After a punishing hurricane season last year, the Gulf Coast could be in for even more drenching rain later this week.
The National Hurricane Center is tracking a disturbance over the southwestern Gulf of Mexico that is forecast to head toward Louisiana, Mississippi and Northwest Florida later this week — possibly as a tropical or subtropical depression — and bring upwards of 7 inches of rain. Some parts of Louisiana could see up to 8 or 10 inches of rain.
The disturbance, which was producing disorganized showers and thunderstorms in southern Mexico, is forecast to head north soon, according to the hurricane center’s 2 p.m. Thursday advisory. Forecasters say it will likely turn into a depression late Thursday or early Friday as it moves across the western Gulf of Mexico.
The system has a 90% chance of formation in the next 48 hours, according to the hurricane center. An Air Force Reserve Unit reconnaissance aircraft is scheduled to investigate the area Thursday afternoon, if necessary.
“A tropical storm warning will likely be required for a portion of the northern Gulf Coast later this afternoon,” forecasters said.
Florida Father’s Day forecast
While South Florida has been drenched with rain and flood watch advisories the past few days, Father’s Day weekend will be drier because of high pressure and Saharan dust limiting moisture, said WSVN Meteorologist Vivian Gonzalez.
Northwest Florida, however, is forecast to see a breezy Father’s Day weekend, with heavy rain and marine and beach type hazards, including life-threatening rip currents, according to the National Weather Service in Tallahassee.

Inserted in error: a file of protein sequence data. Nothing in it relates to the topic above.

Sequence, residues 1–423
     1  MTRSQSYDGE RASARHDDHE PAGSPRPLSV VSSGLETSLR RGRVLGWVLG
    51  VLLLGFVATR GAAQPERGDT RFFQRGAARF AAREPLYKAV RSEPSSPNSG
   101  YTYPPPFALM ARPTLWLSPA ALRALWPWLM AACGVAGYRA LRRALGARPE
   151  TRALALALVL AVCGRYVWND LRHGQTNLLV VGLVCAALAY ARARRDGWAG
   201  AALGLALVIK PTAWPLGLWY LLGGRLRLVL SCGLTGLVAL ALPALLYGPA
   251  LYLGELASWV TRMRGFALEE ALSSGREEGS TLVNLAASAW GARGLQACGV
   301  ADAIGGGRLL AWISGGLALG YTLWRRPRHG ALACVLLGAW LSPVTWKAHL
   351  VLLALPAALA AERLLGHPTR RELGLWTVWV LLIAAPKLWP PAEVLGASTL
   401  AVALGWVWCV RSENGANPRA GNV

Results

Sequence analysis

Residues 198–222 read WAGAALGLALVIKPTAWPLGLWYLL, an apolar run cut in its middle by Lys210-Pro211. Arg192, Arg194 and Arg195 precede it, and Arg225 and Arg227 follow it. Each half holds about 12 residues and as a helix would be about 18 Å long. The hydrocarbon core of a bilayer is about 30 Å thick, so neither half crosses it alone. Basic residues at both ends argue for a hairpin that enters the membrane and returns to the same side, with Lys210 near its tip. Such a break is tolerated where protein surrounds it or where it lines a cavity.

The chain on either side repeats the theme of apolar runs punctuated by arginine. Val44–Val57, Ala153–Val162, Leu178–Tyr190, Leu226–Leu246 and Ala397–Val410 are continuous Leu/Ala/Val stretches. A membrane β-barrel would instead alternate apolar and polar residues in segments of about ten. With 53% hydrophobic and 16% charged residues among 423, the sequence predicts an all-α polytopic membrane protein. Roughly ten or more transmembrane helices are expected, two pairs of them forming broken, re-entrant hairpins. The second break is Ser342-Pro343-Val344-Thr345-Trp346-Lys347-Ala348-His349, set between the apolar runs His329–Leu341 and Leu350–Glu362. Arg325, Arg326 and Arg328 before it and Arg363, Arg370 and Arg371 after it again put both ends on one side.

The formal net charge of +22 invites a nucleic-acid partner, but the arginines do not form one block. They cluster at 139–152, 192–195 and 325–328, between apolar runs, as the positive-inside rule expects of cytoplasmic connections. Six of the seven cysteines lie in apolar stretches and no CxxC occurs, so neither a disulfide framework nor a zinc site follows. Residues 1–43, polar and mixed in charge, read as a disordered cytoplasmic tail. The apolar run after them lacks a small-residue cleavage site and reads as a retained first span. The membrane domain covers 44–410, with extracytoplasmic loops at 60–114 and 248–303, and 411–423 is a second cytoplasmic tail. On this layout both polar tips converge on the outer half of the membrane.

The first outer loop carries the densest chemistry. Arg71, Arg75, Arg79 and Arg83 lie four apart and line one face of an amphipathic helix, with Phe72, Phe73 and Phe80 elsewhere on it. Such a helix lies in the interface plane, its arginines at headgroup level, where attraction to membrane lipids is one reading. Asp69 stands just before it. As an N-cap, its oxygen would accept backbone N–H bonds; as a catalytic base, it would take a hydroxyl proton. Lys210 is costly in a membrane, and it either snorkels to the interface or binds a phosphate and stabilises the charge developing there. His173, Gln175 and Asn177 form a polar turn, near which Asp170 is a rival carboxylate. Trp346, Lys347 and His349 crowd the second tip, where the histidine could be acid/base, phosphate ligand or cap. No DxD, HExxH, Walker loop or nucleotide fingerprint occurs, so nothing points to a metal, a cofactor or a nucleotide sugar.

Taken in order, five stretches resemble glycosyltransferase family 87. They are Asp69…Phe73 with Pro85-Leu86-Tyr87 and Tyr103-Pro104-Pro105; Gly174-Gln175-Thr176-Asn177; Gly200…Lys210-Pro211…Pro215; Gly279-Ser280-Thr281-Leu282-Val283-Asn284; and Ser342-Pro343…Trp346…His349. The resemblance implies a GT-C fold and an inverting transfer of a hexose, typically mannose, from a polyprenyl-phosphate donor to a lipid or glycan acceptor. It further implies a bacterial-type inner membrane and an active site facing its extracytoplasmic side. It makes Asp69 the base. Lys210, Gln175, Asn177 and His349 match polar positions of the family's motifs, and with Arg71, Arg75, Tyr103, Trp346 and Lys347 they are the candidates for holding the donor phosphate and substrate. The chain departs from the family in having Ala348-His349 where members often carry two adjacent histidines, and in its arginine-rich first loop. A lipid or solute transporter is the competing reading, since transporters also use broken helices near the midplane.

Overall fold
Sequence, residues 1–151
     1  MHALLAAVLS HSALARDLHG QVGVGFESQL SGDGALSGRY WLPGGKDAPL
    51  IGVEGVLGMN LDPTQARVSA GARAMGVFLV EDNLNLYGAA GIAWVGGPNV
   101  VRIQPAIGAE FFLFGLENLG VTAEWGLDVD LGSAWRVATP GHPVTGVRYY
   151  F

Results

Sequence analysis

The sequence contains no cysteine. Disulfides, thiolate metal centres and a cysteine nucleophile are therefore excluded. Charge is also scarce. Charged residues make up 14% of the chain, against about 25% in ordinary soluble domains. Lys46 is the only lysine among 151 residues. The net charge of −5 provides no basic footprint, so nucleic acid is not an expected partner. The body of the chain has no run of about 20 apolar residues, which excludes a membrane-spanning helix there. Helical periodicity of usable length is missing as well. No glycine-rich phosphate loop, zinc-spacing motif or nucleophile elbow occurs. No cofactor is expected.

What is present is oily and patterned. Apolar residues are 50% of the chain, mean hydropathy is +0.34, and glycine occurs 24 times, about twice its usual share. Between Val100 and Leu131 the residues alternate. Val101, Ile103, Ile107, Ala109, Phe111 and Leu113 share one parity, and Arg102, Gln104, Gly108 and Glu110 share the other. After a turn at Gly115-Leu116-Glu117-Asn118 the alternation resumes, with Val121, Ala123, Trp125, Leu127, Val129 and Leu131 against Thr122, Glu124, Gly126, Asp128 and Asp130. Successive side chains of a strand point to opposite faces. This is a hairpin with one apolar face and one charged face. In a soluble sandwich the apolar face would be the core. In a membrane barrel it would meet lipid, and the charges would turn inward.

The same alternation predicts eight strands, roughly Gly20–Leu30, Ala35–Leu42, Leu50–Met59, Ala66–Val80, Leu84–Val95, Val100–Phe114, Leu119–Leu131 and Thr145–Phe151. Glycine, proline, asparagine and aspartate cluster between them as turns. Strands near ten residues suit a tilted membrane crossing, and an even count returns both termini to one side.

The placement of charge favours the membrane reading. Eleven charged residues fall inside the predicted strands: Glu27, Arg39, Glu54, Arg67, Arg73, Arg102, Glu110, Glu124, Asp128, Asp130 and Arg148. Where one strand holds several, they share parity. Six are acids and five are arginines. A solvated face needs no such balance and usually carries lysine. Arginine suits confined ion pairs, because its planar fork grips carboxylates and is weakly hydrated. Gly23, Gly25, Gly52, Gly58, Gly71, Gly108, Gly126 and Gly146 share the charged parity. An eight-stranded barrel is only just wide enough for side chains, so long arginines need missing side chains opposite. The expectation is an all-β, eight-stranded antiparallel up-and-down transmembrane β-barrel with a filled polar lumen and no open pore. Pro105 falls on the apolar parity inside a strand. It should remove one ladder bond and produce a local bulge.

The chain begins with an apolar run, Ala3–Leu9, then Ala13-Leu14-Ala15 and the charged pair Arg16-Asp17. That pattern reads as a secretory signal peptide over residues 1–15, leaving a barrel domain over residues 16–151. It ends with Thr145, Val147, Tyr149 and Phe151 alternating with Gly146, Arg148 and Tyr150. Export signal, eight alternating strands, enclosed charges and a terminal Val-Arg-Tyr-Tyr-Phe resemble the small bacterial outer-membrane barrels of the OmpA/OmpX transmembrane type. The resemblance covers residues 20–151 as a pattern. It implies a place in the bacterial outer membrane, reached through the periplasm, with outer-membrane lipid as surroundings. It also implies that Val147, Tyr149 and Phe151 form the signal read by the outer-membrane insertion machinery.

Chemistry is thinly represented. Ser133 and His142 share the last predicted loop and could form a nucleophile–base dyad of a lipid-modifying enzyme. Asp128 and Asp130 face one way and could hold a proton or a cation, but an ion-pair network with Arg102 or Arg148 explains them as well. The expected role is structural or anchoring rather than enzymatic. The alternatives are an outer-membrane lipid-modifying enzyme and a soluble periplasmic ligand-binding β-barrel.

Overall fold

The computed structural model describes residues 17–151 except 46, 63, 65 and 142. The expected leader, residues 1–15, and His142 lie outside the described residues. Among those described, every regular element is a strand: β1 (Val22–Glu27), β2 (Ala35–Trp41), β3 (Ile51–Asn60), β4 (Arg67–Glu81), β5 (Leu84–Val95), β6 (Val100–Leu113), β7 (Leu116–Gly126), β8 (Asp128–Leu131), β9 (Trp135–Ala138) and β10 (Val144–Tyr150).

The bad weather will be influenced by the system in the Gulf of Mexico.
The forecast is calling for most of the Panhandle to see between 3 to 6 inches of rain Friday through Tuesday, with some areas possibly seeing more rain, according to the weather service. There are also some flood concerns.
“Heavy rain on Saturday will affect the FL Panhandle and Southeast Alabama, raising concerns for flooding. There is now a Slight Risk of Excessive Rainfall on Saturday over Walton, Geneva, and Coffee Counties, with a Marginal Risk further east,” including in Panama City.
A high risk rip current advisory was issued Thursday for Walton, Bay, Gulf, and Franklin County Beaches, with dangerous rip currents possible through late Sunday. A high risk rip current and high surf advisory, with large breaking waves of up to 6 or 8 feet, will also be in effect for Escambia Coastal, Santa Rosa Coastal and Okaloosa Coastal counties through the weekend.
At the moment, the hurricane center isn’t expecting the disturbance to strengthen into a tropical storm. If it did, the system would be the third named storm of the season. Tropical Storm Bill sputtered out late Tuesday.
NOAA’s latest prediction suggests the Atlantic is in for 13 to 20 named storms. Two have already occurred. The next name on the list is Claudette.